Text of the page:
The Derbs and the Crafts

I’m a crafter, I always have been. I didn’t jump on this wagon when it became popular to do so. I was taught to sew and crochet by my mom and various other amazingly talented people in my life. If I wanted something unique, we figured out a way to make it. I’m still learning new crafting techniques to this day; the learning doesn’t stop. Growing up, I thought everybody knew these skills or some variation of them, but they don’t. I like having a rare skill. 

Unlike crafting, I found roller derby later in life. I lusted after it and thought it was amazing. I never sported before and assumed that I probably couldn’t do those derby things. Short story: I was wrong and I learned to do the basic derby things and I’m still learning, and will continue to do so. Another obscure skill.

During my first all-league meeting, I noted that a vast majority of my fellow lovely derby peeps were multitasking. Not only were they listening to league developments, voicing opinions, and providing ideas for solution, they were also crafting. Stitches of various arts were fashioned across the rows of badass players: knitting, crochet, cross-stitch, etc. We derby folk are a crafty bunch. We have to be. We operate on budgets, limited resources, and ingenuity. We are intelligent, independent, and busy people.

At first, it doesn’t make sense to compare the similarities of crafting (an artsy-fartsy, grandma-ish activity) and derby (a highly competitive and physical contact sport). However, for me it totally makes sense why this intersection occurs so frequently. Our minds run 24/7 with work, jobs, family, and derby!  We seek the quieted mind that things like crafting and derby provide. The derby player is a multitasker, we don’t want our efforts to be for not. Playing derby does many things for me: it’s entertainment, it’s exercise (physical and mental), I gain skills, and it distracts from the rest of my hectic life. Crafting does the same thing: it entertains, it’s at least a mental exercise (but I sure do have some strong hands), it quiets my mind, and I have a tangible and functional thing when I’m done. They both have street cred. “You play derby? You must be such a bad ass!” or “You made that?  I wish I knew how to make stuff!”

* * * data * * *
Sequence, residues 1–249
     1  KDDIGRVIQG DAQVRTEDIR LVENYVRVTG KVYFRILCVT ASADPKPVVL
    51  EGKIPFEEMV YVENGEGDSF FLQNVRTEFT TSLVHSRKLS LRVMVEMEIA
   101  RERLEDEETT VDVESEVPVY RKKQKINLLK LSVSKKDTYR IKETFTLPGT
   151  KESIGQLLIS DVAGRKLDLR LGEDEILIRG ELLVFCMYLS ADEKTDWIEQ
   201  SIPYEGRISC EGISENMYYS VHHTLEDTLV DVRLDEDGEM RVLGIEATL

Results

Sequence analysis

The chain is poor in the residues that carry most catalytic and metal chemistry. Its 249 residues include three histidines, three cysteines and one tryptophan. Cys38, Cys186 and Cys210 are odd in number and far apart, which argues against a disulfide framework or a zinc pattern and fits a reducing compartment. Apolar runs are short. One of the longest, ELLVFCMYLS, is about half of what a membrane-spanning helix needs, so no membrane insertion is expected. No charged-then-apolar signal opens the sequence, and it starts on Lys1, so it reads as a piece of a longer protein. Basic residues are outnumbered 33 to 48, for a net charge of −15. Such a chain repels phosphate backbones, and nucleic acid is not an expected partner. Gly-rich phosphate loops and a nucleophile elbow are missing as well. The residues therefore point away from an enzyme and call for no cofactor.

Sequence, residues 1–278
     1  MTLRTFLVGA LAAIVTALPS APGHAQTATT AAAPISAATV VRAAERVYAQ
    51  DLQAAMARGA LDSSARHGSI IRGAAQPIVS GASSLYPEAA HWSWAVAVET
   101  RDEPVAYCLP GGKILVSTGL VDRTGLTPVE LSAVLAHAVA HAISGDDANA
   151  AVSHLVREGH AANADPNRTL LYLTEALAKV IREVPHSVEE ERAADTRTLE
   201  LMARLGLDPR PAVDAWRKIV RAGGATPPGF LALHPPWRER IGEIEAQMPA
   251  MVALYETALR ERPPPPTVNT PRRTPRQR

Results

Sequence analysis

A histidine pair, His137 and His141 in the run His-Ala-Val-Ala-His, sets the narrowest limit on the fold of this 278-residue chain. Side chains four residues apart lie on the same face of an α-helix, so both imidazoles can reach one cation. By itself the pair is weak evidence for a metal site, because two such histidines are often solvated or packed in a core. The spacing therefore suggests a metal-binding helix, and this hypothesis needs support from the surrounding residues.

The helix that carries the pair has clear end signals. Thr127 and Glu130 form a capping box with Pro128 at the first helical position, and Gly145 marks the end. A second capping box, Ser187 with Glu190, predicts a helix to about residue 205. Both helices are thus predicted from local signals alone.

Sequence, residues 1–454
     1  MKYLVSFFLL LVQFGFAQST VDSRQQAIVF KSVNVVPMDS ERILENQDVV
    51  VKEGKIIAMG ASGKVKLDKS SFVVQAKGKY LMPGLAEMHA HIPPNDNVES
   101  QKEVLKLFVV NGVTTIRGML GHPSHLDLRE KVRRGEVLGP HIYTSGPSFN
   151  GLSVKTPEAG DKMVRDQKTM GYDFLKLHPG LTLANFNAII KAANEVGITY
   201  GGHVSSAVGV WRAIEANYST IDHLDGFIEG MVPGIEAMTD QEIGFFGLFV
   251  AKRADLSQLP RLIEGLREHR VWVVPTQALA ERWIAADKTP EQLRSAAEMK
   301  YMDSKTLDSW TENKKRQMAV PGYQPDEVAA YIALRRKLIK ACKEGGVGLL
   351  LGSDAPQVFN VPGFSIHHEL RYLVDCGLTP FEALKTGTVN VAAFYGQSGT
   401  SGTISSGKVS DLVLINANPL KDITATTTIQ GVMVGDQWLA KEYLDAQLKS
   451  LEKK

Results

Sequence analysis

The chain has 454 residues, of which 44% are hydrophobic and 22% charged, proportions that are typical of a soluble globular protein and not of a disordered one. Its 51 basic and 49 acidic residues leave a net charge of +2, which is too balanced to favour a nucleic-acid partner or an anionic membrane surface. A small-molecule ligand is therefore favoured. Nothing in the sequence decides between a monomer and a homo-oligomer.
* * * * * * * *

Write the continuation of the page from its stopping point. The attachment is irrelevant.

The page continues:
As we derby players know, we drop a lot of cash on equipment and anywhere you can scrimp you do. I really wanted some fantastic toe guards – the fantastic guards I wanted were expensive but not a necessity. I was the proud, but third, owner of my first pair of skates and preserving what was left of these battered beauties was vital. I began crafting for derby. First I started with duct tape and constructed some pretty sweet toecaps. We derby folk LOVE the duct tape, but it doesn’t last. I spied a league mate with some knitted toe guards, they were ill fitting but did the job. I don’t knit, but I crochet and I gave it a whirl. Using some heavy cotton yarn I made some pretty nice fitting toe guards, they lasted about a month in fresh meat. I remade them as needed, the project didn’t take long and the yarn was cheap.